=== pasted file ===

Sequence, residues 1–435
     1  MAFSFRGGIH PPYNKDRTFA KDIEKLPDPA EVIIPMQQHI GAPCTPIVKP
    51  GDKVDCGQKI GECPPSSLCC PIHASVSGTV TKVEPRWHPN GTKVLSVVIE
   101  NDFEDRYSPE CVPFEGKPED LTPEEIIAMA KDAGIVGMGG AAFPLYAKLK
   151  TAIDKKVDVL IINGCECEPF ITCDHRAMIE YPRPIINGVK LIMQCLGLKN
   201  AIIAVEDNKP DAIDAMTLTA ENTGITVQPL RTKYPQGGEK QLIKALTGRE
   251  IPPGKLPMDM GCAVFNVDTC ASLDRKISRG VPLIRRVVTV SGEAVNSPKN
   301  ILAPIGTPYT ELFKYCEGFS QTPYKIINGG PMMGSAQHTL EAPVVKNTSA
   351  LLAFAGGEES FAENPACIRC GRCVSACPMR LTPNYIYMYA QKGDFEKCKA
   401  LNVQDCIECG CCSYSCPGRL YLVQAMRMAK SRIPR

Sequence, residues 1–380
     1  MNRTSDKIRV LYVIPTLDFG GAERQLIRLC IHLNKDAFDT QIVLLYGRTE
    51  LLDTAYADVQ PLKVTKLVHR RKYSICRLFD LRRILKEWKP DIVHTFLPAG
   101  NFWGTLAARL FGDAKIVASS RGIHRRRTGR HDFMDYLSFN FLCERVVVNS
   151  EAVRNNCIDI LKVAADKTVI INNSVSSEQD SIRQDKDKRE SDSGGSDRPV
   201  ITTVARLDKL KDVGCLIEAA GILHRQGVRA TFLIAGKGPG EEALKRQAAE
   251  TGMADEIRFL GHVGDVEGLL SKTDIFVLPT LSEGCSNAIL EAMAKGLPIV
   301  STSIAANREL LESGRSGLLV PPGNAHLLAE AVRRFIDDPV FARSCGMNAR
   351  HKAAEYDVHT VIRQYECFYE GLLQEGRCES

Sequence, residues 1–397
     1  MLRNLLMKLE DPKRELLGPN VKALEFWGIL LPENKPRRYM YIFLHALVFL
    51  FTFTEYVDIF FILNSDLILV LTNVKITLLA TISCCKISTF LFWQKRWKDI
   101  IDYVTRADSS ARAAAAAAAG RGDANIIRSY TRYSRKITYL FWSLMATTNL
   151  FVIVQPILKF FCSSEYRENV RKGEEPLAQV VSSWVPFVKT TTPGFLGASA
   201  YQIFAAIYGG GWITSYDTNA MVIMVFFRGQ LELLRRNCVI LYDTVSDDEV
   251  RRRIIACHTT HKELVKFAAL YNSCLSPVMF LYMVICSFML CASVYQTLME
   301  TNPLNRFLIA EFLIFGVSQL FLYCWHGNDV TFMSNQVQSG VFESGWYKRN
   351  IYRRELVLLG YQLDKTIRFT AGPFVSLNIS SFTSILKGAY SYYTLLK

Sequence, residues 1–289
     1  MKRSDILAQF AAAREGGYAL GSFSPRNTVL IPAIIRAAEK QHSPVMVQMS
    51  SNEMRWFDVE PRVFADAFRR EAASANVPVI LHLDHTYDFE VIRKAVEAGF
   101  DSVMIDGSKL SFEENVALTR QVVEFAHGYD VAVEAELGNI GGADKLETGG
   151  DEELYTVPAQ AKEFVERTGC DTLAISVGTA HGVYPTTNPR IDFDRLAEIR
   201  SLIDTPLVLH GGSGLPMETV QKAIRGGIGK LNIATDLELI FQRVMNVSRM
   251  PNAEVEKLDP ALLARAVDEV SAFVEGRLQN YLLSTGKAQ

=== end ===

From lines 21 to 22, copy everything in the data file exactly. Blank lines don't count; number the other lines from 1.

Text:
     1  MLRNLLMKLE DPKRELLGPN VKALEFWGIL LPENKPRRYM YIFLHALVFL
    51  FTFTEYVDIF FILNSDLILV LTNVKITLLA TISCCKISTF LFWQKRWKDI